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Korean Restaurant Battle: Round 4

Hebeen Korean Restaurant versus Yechon Korean Restaurant

Welcome to the fourth round of the Annandale Patch Korean Restaurant Battle.

We’re pitting eight local Korean restaurants in the Annandale area against a crack team of reviewers, and we’re asking our readers to weigh in on which restaurant is the best.

In round three, Han Gang Korean Restaurant and Oegadgib Korean Restaurant faced off. Based on input from readers in the comments section and elsewhere, OeGadGib was the winner.

This week, we’re asking you to vote for either , 6231 Little River Tpke., or  , 4121 Hummer Rd.

Read what our reviewers had to say, and then tell us which restaurant you think should win this round by “voting” in the comments, in our shout box or through Facebook or Twitter. Voting will close at 11:59 p.m. Wednesday, May 4. The winner from Round 4 and the semi-finals will appear next Friday.

Hee Been Korean Restaurant

Reviewer Dave Seminara ate here at 6 p.m. April 28, and reviewer Lori Weinraub ate here at 7 p.m. April 22.

Environment, Décor, Location

Dave: In a strip mall right near 395, don’t miss the entrance to the plaza, because it’s a bear to circle back around. A cavernous place that was more than half empty on a Thursday night.  As we walked in, Kenny Loggins’s Danger Zone was blaring, and we were assaulted with loud, bad 80’s pop music all night.

Lori: We couldn’t have picked a worse time to visit Hee Been in terms of traffic. It’s located in a busy strip mall off Interstate 395 at Duke Street where traffic always backs up and this was a rainy Friday night to boot. By the time we got into the restaurant we were stressed from the traffic but the hostess assured us it was worse than usual and our smiling waitress was quick to take our drink order. The décor is attractive and tasteful. Lots of wood and Japanese touches. It’s also very roomy. There is a bar off the entrance and back rooms for groups where diners can sit close to the floor.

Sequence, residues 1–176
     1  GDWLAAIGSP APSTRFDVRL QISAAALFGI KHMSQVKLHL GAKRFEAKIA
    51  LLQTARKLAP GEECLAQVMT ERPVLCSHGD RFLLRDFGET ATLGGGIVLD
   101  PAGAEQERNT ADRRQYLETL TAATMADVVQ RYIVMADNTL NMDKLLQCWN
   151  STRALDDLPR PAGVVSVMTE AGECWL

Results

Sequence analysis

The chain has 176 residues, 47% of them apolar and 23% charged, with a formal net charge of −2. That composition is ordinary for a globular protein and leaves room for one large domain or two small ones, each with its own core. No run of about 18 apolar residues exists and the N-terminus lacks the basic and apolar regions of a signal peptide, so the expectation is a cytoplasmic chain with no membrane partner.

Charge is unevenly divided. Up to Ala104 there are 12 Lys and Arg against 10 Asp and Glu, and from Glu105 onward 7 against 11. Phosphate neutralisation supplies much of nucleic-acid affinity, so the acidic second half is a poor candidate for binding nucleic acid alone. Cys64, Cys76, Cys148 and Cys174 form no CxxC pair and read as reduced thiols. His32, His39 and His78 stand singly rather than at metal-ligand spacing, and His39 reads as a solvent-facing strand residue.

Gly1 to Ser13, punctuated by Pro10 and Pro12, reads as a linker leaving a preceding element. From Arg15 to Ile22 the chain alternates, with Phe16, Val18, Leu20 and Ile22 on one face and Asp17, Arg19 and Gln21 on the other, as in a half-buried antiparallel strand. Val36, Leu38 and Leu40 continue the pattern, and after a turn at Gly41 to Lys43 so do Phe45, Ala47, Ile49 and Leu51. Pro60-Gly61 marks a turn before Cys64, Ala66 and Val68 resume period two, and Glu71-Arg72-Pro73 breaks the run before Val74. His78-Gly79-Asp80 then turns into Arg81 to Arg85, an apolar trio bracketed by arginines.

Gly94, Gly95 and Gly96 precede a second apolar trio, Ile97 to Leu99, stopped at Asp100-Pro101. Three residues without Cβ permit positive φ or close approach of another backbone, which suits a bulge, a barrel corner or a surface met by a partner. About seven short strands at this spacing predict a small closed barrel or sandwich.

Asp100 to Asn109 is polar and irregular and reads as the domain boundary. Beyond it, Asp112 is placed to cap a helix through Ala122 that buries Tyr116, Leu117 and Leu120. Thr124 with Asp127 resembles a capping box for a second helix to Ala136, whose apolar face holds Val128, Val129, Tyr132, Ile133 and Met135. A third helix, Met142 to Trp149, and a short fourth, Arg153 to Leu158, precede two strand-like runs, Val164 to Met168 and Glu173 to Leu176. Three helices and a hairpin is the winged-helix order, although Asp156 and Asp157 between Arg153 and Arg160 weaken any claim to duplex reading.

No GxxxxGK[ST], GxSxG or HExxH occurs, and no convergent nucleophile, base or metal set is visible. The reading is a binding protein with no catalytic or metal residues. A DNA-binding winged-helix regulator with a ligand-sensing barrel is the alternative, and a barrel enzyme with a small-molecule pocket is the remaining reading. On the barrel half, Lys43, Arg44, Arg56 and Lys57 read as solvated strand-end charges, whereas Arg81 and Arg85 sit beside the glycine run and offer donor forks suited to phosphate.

What We Ate

Dave: A friend and I tackled the buffet ($25.95 each) and ate just about everything on offer. Udong noodle soup, miso soup, steamed pork and shrimp dumplings (kanom seeb), chicken teriyaki, spicy shrimp rolls, eel, tempura, and a host of meats barbequed at our table, including steak, bul gogi, spicy BBQ pork, pork belly and spicy BBQ chicken. Like most buffets, the emphasis here is on quantity more than quality, though some items were quite good. The udong noodle soup and the kanom seeb dumplings were tasty, but the chicken teriyaki and the tempura were bland, flavorless and lukewarm.  The sushi didn’t taste particularly fresh, but one doesn’t really expect to find great sushi at a buffet. The BBQ’d meats were also a mixed bag- the steak was chewy and not worth the effort, the pork belly was all fat and lacked the deliciously smokiness that you find at Nak Won, for example, and the BBQ chicken was also forgettable. But the spicy BBQ pork and the bulgogi were excellent.  If you want to try some things that Andrew Zimmern might feature on Bizzare Foods, watch out for the acorn gelatin, spicy dried squid, and lotus roots.

Lori: I should have had the buffet, as my husband did. An insane amount of food for $27.95. All the steak, kal bi, bul-go-gi, pork and shrimp you can eat. My daughter and I shared the special kal bi, which is marinated in special sauce, for $23.95, and duk man doo gook, which is traditional Korean soup with dumplings and rice cakes, for $11.95.